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✊🏙 Boring Company wins Chicago bid 🚇 Amazon defeats Seattle tax to help homeless 😡 and much more!

Hey urbanists, I'm trying a new format to dive a bit deeper into a couple of topics that dominated he
June 17 · Issue #38 · View online
Radical Urbanist
Hey urbanists,
I’m trying a new format to dive a bit deeper into a couple of topics that dominated headlines this week, then provide the links to other interesting reads at the end, as you’ve come to expect.
I hope you like it, and have a great Sunday!

Boring Company wins Chicago airport link
Elon Musk’s Boring Company won a bid to build a 17-mile link from Chicago O'Hare airport to downtown for less than $1 billion. It’s good that Chicago mayor Rahm Emanuel isn’t giving him any public money, because there’s no way it gets built at that price.
  • Musk wants construction to start in 3-4 months and for it to be operational in 18-24 months. That seems overly optimistic given the necessary regulatory and environmental approvals.
  • Yonak Freemark estimates the two stations will cost $100 million each, a maintenance facility will cost $50 million, and the 61 vehicles will cost $500,000 each, leaving $713 million for tunnels—or $42 million per mile.
  • How does that compare to other projects? Alon Levy has pegged the lowest-cost underground rail in the US between $600 million to $900 million per mile, and NYC’s Second Ave Subway cost $2.6 billion per mile. The lowest costs internationally were about $100 million per mile, though are typically $200 million to $500 million per mile.
In other words, don’t count on this project being built on budget or on time, and don’t be surprised if its scope changes as time goes on. Musk has a record of overpromising and underdelivering—a problem which could bring down Tesla.
Yonah Freemark
I'm not saying it's impossible to build this Chicago tunnel. I'm just suggesting that it faces a number of significant difficulties. The idea that *this* will be the project that is massively cheaper to build than all recent similar tunnels seems delusional. /end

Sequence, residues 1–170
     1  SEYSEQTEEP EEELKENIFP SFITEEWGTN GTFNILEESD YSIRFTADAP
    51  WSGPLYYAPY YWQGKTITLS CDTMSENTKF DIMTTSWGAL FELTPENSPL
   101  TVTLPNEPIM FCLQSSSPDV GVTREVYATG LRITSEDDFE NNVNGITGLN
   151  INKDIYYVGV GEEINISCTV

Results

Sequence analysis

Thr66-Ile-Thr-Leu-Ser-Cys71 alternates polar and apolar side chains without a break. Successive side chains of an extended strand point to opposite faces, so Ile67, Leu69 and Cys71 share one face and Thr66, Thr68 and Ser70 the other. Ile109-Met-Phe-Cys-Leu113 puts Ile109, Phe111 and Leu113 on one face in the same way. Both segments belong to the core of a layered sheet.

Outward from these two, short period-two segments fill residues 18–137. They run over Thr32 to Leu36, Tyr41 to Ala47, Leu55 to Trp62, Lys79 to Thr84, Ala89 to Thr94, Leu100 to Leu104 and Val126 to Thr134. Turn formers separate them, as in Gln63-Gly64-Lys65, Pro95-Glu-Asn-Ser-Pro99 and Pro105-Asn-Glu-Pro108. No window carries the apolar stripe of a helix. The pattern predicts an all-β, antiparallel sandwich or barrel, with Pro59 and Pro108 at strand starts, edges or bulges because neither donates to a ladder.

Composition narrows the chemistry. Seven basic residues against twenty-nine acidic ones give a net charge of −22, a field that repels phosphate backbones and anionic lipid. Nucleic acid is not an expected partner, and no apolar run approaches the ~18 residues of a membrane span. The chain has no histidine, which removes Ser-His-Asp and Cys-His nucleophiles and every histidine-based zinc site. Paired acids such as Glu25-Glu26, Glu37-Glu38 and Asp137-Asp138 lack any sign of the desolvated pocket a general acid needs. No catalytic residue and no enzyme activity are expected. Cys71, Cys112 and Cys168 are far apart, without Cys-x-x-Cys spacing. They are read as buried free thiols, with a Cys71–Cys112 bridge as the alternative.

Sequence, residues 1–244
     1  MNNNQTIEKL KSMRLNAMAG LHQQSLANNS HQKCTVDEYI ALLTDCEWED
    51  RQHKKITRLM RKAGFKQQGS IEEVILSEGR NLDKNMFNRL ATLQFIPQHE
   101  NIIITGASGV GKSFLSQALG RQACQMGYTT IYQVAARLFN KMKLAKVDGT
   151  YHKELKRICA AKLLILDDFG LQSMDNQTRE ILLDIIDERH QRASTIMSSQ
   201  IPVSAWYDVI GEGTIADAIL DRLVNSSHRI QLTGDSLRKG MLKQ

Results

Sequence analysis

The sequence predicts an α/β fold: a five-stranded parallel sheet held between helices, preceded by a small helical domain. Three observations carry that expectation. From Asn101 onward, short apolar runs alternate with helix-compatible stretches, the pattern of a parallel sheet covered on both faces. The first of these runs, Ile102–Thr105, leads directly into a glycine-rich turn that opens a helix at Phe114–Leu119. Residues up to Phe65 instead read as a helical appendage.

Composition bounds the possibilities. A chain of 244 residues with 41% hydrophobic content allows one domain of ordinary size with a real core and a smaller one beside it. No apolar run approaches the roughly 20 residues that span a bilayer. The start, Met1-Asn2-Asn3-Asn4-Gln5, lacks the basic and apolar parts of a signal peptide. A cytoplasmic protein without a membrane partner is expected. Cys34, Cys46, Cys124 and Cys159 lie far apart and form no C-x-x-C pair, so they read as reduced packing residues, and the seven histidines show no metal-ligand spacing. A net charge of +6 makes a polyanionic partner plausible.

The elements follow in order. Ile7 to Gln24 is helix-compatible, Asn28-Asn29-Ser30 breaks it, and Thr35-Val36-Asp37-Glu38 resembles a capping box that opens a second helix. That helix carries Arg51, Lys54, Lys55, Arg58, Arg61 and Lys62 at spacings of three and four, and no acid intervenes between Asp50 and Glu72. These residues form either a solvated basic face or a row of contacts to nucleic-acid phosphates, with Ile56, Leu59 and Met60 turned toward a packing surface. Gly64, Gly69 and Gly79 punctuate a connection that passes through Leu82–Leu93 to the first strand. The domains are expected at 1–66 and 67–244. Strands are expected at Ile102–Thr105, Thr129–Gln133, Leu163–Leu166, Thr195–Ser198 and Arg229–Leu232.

Seattle repeals tax to fund homeless support
In May, Seattle passed a head tax on companies earning more than $20 million to have them contribute $275 per employee to fund $47 million for affordable housing and programs to help the soaring homeless population—the original proposal was $540 per employee to raise $75 million until Amazon threatened to cancel development of a new office tower. Earlier this week, city council repealed the tax after intense lobbying by Amazon and other companies with no new source of funding.
  • Amazon made a $3.03 billion profit in 2017. It would have paid $12 million for Seattle’s head tax—or less than 0.4% of its 2017 profit.
  • Amazon CEO Jeff Bezos is the richest man in the world. His net worth is estimated to be $140 billion—$40 billion of which he gained in the past five months. He gains about $230,000 every minute, enough to pay the $12 million in less than 3.5 hours. For comparison, the average Amazon employee makes $28,446 per year, or what Bezos makes in 10 seconds.
  • Amazon’s growth in Seattle, and the accompanying influx of tech workers, has caused rents and home prices to soar—13.5% in 2017 alone. Seattle’s homeless population is now the third-largest in the US, even though Seattle is the 18th-largest city, and more than half are without shelter.
  • 169 homeless people died in Seattle in 2017, more than double the number of deaths six years ago.
Dae Shik Kim Hawkins Jr.
I hope the country is watching what is happening here in Seattle around the #headtax. Housing/Homeless advocates are NOT fighting Republicans for funding. We are fighting liberal Dems that are beholden to corporate dollars from companies like Amazon. We need to learn from this.
More great reads
🇬🇧 Thousands attended a silent march to remember those who died in the Grenfell Tower fire one year ago
🏚 NYC pledges $2 billion to public housing after federal investigation reveals deplorable conditions and housing authority’s attempts to cover them up
🇨🇦 Canadian federal government with give more money with fewer restrictions to cities to address homelessness—but is it enough?
🇨🇱 Santiago, Chile, which has the largest metro system in South America, will build two new lines and extend a third
📚 Public libraries in Canada’s large cities ranked best in the world
📱 Silicon Valley’s transit ideas “imply the upward redistribution of the benefits of public subsidy
🥐 New campaign seeks UNESCO recognition for Paris bistros to protect them from soaring rents
🌇 Denver’s new neighborhood plan would increase density in the downtown and promote transit use instead of driving
🚗 GM details training and protocols for their Cruise autonomous vehicle test drivers
📈 If it wasn’t already obvious, UCLA confirms higher rents and house prices increase homelessness
✊️❤️ Thanks for reading, and feel free to follow me on Twitter, Medium, or Instagram for even more!
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